She could recommend us a Glock, suggested the assistant at Nilai Arms & Ammunition this week.
The Kuala Lumpur company boasts online that it can offer the “best selection” of guns available, and we had explained we were looking for something suitable for our ‘bodyguard’.
Niloh displays an array of weapons for sale, both of the sort used for hunting and of the sort that gangsters use to kill.
As its name suggests, Nilai also sells “ammunition,” something else that it elaborates on its website. “Out of ammo?” it advertises with a catchy American ring, “call NAA.” Displayed are cartridges and deadly bullets.
Need a permit?
In Malaysia, of course, the use and ownership of guns is highly restricted. In fact, as the site helpfully points out, you need to acquire a permit signed not only by your district police chief, but also the state police chief and indeed the national police chief (Inspector-General of Police) as well.
It’s quite a lot to organize.
However, Sarawak Report was drawn to Nilai arms by disgruntled people, who got in touch, because it has become a known thing, they said, that if you want to get that permit without excessive fuss and bother, then you had better go through this particular company to buy your weapon.
“Applicants for import/usage license, when they failed to get the permits, they will resort to appoint NAA, which will smooth the application,” was how one person contacting Sarawak Report explained the situation.
Sarawak Report pulled the company records for Nilai Arms & Ammunition Sdn Bhd, which is registered in KL, and found some exceedingly interesting ownership details. The majority of the shares belong to a young woman, born in 1984.
Juwiza Binti Khalid is the second daughter of the Inspector General of Police (IGP), Khalid Abu Bakar.
IGP’s 32 year old daughter is the majority owner of the company, set up in 2012 just before Abu Bakar was appointed.
Bigwigs in Malaysia are no strangers to conflict of interest, of course, but this example of it is surely one of the most breathtaking!
That the man who is supposedly in charge of keeping law and order on the streets, to which end a tight control over the issuing of gun permits means that only he can sign them off, actually owns a company that sells these weapons and can assist in “smoothing the application” for his signature, simply defies belief.
It would appear that Abu Bakar spends his day job catching dangerous criminals, only to go home to sign off lucrative permits to allow their weapons (sold by his own private company) to be made available on the streets.
As one KL observer remarked bitterly to Sarawak Report, “the police have an interest in the town becoming more dangerous for middle class folk. It means they have to live in compounds and hire former police officers to be their bodyguards.”
One can forgive the cynicism. Because Khalid stands to get richer the more dangerous the streets become and his retired colleagues will thank him for the increase in bodyguard positions!
This is why it is so supremely important that people in public positions avoid all such conflicts of interest, whether they hold the shares themselves or put them in the names of their young daughter.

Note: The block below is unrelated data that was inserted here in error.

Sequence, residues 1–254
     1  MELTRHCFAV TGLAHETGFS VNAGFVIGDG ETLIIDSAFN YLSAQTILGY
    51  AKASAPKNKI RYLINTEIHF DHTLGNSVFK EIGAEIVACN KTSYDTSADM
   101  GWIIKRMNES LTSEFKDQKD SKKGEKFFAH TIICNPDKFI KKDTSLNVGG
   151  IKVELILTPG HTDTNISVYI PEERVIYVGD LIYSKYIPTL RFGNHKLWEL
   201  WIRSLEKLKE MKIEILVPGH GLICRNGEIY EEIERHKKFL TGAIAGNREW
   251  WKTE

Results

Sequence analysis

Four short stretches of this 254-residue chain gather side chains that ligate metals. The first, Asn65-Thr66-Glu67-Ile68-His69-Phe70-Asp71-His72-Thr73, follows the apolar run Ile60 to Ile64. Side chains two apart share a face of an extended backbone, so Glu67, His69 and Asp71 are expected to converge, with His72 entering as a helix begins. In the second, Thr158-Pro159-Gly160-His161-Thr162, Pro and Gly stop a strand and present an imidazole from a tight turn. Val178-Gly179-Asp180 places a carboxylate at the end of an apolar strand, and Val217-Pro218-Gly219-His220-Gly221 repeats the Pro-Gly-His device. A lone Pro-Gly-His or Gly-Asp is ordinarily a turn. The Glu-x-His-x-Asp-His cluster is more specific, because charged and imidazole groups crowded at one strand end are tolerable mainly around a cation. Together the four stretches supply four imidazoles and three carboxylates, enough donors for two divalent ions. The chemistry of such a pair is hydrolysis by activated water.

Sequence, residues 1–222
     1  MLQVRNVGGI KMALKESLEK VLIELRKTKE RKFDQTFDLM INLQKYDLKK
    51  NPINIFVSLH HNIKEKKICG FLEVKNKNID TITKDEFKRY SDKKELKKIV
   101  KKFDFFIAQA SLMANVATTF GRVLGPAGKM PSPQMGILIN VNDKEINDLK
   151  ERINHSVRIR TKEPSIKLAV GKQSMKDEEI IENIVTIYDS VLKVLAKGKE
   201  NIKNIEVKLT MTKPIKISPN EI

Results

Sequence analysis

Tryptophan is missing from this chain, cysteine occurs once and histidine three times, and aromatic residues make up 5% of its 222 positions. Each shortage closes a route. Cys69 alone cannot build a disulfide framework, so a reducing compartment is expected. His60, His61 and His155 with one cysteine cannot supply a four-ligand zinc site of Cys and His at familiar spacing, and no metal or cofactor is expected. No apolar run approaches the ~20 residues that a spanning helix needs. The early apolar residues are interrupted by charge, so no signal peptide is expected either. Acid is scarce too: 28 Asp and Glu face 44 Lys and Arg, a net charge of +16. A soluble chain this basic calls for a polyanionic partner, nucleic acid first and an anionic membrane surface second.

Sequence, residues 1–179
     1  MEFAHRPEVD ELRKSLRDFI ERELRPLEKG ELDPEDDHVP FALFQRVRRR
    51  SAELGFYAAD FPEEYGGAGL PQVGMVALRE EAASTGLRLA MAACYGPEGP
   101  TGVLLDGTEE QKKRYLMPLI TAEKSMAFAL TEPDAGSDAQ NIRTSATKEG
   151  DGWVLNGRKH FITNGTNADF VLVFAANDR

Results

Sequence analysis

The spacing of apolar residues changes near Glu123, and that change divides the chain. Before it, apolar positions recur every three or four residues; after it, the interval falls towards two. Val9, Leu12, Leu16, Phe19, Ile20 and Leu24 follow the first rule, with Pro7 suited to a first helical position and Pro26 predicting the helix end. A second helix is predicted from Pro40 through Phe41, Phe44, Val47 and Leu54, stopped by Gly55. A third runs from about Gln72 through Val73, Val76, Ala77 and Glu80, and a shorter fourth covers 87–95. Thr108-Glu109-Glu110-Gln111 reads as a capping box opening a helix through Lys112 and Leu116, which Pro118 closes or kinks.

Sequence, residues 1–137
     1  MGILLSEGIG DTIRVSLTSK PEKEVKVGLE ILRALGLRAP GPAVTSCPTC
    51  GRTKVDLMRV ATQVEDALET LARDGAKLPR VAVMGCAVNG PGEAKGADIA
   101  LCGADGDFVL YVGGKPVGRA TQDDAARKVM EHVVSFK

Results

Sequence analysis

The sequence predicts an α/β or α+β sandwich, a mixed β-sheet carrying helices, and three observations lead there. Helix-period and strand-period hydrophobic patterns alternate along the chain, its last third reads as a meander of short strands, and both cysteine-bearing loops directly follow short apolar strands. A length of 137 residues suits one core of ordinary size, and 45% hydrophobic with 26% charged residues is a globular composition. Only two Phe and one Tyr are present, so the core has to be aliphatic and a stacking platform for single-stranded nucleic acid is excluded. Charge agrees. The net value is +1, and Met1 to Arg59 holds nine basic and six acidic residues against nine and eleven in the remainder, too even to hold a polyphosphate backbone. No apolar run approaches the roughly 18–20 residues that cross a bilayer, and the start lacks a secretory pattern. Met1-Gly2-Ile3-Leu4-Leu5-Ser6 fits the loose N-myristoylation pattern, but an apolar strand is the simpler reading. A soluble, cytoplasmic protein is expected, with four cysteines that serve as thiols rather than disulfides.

When we started to press for further help and information on getting our Glock and permit the shop assistant gave us the phone number for her “boss,” whom she told us was Haji Mohd Isa. He was the one to talk to.
The boss she was referring to, of course, is none other than the other shareholder in the company, Mohd Isa bin Hussein.
Mohd Isa is the village chief of Kampung Gebok, Mantin, Negeri Sembilan, in the same region as Nilai.
Should we consider it a coincidence that IGP Khalid Abu Baker was born in Kg Gebok, Mantin, Negeri Sembilan in the same year of 1957 as this village chief?
One can only assume that these two village lads went to school together, were probably friends and went hunting together as well!
SR has been informed that the relationship is even closer. That Mohd Isa bin Hussin is the IGP’s brother in law.
But we could not check because Mohd Isa wasn’t picking up the phone.
The current IGP was appointed in May 2013, a year after he opened his company, and has proved extremely controversial, having focused his activities on persecuting civil rights activists and freedom of speech in line with the present government’s priority in protecting the reputation of the Prime Minister.
Khalid has opened a special five man unit to scour Tweets for ‘seditious tendencies’ and he arrested opposition MP on the steps of Parliament last month, for saying he had read a secret document that showed corruption at 1MDB.
He has also been condemned for supporting the unlawful shooting by a police officer of a 15 year old boy, shot 21 times by pursuing cops.
What’s more, he remains together with the handpicked AG, the most important remaining champion of the current Prime Minister, who is drowning in evidence of corruption over 1MDB.
What chance there will be action taken therefore against this bit of business on the side by IGP Khaled Abu Bakar?
“A country that if free and clear of any governance and policing of money launderers is prone to become a handy trading hub for organised crime and terrorism and this is one example of what is happening on a very big scale in Malaysia” said Pascal Najadi, whose father was gunned down on the streets of KL by a hired assassin whom the police refused to prosecute in 2013.
First Editor: Edward White
The News Lens has been authorized to repost this article. The piece was first published by Sarawak Report.